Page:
So do we pass the ghosts that haunt us later in our lives; they sit undramatically by the roadside like poor beggars, and we see them only from the corners of our eyes, if we see them at all. The idea that they have been waiting there for us rarely crosses our minds. Yet they do wait, and when we have passed, they gather up their bundles of memory and fall in behind, treading in our footsteps and catching up, little by little.
In those days I saw men in Judah treading winepresses on the Sabbath and bringing in grain and loading it on donkeys, together with wine, grapes, figs and all other kinds of loads. And they were bringing all this into Jerusalem on the Sabbath. Therefore I warned them against selling food on that day.
We found in the course of our journey the convenience of having disencumbered ourselves, by laying aside whatever we could spare; for it is not to be imagined without experience, how in climbing crags and treading bogs, and winding through narrow and obstructed passages, a little bulk will hinder, and a little weight will burden; or how often a man that has pleased himself at home with his own resolution, will, in the hour of darkness and fatigue, be content to leave behind him everything but himself.
Lord Maccon, being Lord Maccon and good at such things, then changed, right there in the Thames, from dog-paddling wolf to large man treading water. He did so flawlessly, so that his head never went under the water. Professor Lyall suspected him of practicing such maneuvers in the bathtub.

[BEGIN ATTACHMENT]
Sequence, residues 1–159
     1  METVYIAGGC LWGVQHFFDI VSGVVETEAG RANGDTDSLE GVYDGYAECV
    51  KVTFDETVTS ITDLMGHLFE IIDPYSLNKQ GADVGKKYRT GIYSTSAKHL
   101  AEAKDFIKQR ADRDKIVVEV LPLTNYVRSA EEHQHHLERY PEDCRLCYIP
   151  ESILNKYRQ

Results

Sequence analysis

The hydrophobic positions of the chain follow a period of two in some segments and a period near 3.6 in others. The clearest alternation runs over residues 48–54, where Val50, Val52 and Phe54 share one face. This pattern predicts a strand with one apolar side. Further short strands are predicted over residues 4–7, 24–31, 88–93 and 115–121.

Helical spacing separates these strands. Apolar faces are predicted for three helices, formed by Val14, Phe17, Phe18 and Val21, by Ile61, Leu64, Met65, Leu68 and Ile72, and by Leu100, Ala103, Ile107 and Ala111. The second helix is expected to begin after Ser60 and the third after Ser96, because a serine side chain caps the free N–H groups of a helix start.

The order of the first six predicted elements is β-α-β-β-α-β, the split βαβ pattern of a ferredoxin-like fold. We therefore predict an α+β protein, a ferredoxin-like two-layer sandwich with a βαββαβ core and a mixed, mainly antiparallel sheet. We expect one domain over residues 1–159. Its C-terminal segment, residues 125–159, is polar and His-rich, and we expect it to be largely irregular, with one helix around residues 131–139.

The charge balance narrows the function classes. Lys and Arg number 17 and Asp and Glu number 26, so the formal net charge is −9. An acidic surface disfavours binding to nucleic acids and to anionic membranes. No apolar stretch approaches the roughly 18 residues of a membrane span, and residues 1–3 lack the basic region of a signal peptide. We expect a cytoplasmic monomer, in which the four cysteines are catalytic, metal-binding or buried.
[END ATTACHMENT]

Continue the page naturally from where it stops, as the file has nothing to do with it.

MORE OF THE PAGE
I confess that I am not charmed with the ideal of life held out by those who think that the normal state of human beings is that of struggling to get on; that the trampling, crushing, elbowing, and treading on each other's heels, which form the existing type of social life, are the most desirable lot of human beings
John Stuart Mill
In the story of Ugly Duckling, when did the Ugly Duckling stop feeling Ugly? When he realized that he was a Swan. Each of us has something Special, a swan of some sort, hidden inside somewhere. But until we recognize that it's there, what can we do but splash around, treading water? The Wise are Who They Are. They work with what they've got and do what they can do.
There is, however, this consolation to the most way-worn traveler, upon the dustiest road, that the path his feet describe is so perfectly symbolical of human life,--now climbing the hills, now descending into the vales. From the summits he beholds the heavens and the horizon, from the vales he looks up to the heights again. He is treading his old lessons still, and though he may be very weary and travel-worn, it is yet sincere experience.
Henry David Thoreau
And what exactly is nature walking? It's any and every kind of walking you can do in the natural world. The activity encompasses strolling, striding, sauntering, stepping, treading, tramping, traipsing, traversing, rambling, roving, roaming, racewalking, hiking, meandering, wandering, wending, pacing, peregrinating, perambulating ... in natural surroundings.
I do not desire to give myself any fresh political label. Though the formation of the Union of Democratic Control it has been possible for me to work in close co-operation with several of your leaders and this joint effort on the part of the Labour members and radicals is having I think a very beneficial effect. I do not desire to alienate myself from any of my former political associates but rather to endeavour to urge them along the same path which I myself am treading.